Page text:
LOSSES, HAZARDS AND FIRE DEPARTMENT CONDITIONS IN VARIOUS CITIES

LOSSES, HAZARDS AND FIRE DEPARTMENT CONDITIONS IN VARIOUS CITIES

Extracts from Reports of Committee on FIRE PREVENTION AND ENGINEERING STANDARD National Board of Fire Underwriters

COLUMBUS, OHIO

The 1920 United States census shows the population to be 237,031. The city is situated at the junction of the Scioto and Olentangy rivers, and is practically the geographical center of the state. It is the state capital and is an important distributing and manufacturing center. Transportation facilities are provided by seven trunk line railroads with divisions operating in all directions and 11 interurban electric traction lines. The more important manufactured products are mining and electrical machinery, contractors’ supplies, railway equipment, farming implements, shoes, automobiles and caskets. There are also steel and flour mills, car and railroad shops, woodworking and fire apparatus factories.

The gross fire loss for the past 5year period, as given in the fire department records, amounted to $1,771,710; the annual loss ranged between $249,375 in 1919 and $508,621 in 1918. The average annual number of actual fires was 603, ranging between 534 in 1915 and 638 in 1917, with an average loss per fire of $588, a moderate figure. Based on an average population of 224,000, the average number of fires per 1,000 population was 2.69, and the average loss per capita was $1.58, both low figures.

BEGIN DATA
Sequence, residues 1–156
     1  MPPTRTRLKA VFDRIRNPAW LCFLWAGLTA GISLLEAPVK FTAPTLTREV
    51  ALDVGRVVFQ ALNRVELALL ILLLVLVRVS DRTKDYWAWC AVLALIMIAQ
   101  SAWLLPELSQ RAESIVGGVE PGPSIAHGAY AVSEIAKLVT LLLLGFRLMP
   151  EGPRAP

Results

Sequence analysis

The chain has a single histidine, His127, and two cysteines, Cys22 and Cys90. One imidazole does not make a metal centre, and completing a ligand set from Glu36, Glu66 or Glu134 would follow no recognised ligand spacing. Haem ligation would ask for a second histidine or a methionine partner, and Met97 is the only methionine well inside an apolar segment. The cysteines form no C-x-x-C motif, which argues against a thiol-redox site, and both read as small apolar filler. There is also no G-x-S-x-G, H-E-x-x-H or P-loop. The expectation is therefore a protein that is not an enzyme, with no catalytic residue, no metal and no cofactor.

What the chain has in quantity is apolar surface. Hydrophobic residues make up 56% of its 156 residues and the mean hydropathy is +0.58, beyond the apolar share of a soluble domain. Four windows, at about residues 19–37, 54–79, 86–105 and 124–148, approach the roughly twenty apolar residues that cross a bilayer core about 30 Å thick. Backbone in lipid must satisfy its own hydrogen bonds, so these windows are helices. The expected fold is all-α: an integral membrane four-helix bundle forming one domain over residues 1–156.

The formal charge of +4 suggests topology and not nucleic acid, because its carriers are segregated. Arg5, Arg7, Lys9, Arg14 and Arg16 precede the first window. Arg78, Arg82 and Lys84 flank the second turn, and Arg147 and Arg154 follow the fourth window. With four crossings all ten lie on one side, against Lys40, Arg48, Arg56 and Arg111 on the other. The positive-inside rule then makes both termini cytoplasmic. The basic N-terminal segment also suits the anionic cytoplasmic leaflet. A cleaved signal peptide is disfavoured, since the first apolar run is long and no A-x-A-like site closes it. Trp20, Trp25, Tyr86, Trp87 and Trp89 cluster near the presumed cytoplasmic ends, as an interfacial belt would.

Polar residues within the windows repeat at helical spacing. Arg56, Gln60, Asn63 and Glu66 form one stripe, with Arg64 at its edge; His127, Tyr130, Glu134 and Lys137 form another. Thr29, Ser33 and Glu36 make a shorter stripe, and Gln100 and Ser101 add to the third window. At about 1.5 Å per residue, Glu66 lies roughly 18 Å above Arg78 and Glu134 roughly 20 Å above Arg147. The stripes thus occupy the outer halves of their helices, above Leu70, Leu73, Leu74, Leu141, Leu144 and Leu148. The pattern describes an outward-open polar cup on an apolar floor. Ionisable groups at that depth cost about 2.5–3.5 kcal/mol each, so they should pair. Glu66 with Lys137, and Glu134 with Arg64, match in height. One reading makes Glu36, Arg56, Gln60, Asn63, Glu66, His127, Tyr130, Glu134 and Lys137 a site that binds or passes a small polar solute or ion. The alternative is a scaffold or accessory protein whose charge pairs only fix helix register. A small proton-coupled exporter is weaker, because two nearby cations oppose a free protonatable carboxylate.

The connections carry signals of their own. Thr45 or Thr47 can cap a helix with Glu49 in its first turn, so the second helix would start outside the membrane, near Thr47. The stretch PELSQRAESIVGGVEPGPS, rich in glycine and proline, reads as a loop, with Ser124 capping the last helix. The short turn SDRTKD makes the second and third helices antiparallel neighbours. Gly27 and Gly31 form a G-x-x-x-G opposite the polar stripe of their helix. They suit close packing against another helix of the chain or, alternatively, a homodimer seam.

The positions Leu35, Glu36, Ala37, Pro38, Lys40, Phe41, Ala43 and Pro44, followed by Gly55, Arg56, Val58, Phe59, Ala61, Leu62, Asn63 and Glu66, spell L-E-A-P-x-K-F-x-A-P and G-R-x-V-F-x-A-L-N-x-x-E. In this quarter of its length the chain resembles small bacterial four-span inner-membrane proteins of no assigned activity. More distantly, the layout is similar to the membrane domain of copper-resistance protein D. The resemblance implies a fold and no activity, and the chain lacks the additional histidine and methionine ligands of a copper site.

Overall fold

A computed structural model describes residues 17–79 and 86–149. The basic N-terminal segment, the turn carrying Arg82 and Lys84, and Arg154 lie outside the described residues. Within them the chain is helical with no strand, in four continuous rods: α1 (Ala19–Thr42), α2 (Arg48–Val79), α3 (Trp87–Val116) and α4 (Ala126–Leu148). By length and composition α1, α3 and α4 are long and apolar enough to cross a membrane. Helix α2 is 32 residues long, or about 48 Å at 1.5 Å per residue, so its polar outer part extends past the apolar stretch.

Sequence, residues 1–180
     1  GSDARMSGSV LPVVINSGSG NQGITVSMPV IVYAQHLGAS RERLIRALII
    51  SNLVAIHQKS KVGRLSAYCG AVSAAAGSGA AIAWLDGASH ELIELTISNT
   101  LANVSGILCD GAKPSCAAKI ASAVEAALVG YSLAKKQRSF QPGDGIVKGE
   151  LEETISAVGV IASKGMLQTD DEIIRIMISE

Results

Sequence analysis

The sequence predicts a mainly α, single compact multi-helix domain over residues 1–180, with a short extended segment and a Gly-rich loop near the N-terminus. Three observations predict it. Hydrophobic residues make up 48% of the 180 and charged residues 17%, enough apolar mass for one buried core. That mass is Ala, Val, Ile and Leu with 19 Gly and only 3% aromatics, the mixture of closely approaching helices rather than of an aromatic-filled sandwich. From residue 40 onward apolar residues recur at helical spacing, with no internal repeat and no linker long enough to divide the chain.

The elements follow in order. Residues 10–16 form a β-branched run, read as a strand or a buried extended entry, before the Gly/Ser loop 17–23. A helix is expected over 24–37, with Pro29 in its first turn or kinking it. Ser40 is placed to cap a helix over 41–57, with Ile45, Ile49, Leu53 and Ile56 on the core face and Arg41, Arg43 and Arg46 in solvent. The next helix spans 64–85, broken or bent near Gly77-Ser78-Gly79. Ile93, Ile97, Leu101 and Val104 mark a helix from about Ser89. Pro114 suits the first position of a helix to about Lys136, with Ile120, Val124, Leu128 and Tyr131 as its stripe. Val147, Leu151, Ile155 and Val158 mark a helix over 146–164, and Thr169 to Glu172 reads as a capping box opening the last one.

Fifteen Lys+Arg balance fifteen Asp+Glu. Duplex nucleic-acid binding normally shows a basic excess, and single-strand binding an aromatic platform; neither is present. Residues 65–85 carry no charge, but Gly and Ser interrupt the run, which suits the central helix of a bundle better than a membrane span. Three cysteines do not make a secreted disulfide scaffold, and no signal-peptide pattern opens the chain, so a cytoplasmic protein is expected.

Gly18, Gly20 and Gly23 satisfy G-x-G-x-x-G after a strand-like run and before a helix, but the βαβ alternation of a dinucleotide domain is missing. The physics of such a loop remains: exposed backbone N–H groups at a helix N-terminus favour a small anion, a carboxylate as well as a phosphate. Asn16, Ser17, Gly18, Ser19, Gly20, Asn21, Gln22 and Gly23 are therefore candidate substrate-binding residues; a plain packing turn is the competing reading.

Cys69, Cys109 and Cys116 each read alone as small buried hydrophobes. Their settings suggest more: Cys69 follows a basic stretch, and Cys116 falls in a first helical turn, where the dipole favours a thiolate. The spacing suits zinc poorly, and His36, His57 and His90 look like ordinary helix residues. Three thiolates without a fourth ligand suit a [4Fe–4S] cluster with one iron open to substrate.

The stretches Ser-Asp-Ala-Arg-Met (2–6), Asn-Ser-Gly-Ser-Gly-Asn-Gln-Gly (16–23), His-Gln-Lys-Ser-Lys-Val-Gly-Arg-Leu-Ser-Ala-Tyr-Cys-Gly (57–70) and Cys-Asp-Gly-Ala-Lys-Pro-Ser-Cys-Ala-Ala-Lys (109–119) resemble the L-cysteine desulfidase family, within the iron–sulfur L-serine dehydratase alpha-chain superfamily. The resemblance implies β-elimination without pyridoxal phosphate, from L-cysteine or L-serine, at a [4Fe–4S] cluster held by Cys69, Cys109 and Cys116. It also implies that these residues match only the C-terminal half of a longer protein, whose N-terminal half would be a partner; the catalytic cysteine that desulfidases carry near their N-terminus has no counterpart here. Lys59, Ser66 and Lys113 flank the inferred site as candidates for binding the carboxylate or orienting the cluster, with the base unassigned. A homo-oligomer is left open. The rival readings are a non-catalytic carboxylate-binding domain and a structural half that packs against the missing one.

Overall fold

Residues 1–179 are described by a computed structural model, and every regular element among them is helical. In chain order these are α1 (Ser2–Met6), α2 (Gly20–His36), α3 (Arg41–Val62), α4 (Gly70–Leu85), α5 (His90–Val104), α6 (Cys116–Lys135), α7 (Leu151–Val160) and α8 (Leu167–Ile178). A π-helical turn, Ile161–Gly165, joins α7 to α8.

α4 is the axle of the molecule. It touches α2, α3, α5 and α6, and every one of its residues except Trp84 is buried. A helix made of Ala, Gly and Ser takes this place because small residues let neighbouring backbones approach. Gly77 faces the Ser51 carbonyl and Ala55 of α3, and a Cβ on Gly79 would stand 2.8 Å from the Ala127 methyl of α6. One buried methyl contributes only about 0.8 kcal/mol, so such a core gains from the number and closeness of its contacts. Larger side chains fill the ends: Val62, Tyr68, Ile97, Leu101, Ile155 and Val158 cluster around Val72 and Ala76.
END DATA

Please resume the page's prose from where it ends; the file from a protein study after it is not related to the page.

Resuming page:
Conflagration Hazard

The conflagration hazard of the congested value district is high in spots, because of the mainly weak structural conditions in compactly built joisted brick buildings, some narrow streets or alleys, the walls bordering which are filled with unprotected windows, serious overhead wire obstructions, high winds, and a generally insufficient water supply. The hazard is lessened for the district as a whole, because of two intersecting streets of good width, the small size of blocks, a moderate number of buildings, which otherwise would be classed as conflagration breeders, equipped with automatic sprinklers, and the efficient and fairly strong fire department.

In minor mercantile and manufacturing districts, severe local fires are probable, but they should not assume conflagration proportions; the exposure from these, however, to the main district, is severe in some instances. Residential sections introduce the hazard of flying-brand fires.

Fire Department

Full paid, on two-platoon basis. Supervision satisfactory; financial support fairly liberal. Methods of appointment good. Discipline good;

drills infrequent and insufficient. Companies and apparatus mainly well distributed. Engine capacity

adequate. Some deficiency’ in minor equipment and also for heavy stream appliances. Fire stations in fair condition. Repair facilities adequate. Response to alarms well arranged. Fire methods generally good. Inspections frequent and effective. Records fairly complete—Chief Jenkins Daniels.

Fire Alarm System

Manual system. Supervision and maintenance good. Headquarters in exposed ordinary building, containing many hazards. Headquarters equipment in good condition, but slightly deficient; batteries well mounted and in good condition. No duplicate alarm circuits and no recording devices in fire stations. Boxes mostly of good type; no red lights. Box distribution poor in outlying sections. Circuits largely overhead, well installed; underground circuits poorly insulated. Department telephone system fairly adequate. Tests of boxes satisfactory; of circuits infrequent.

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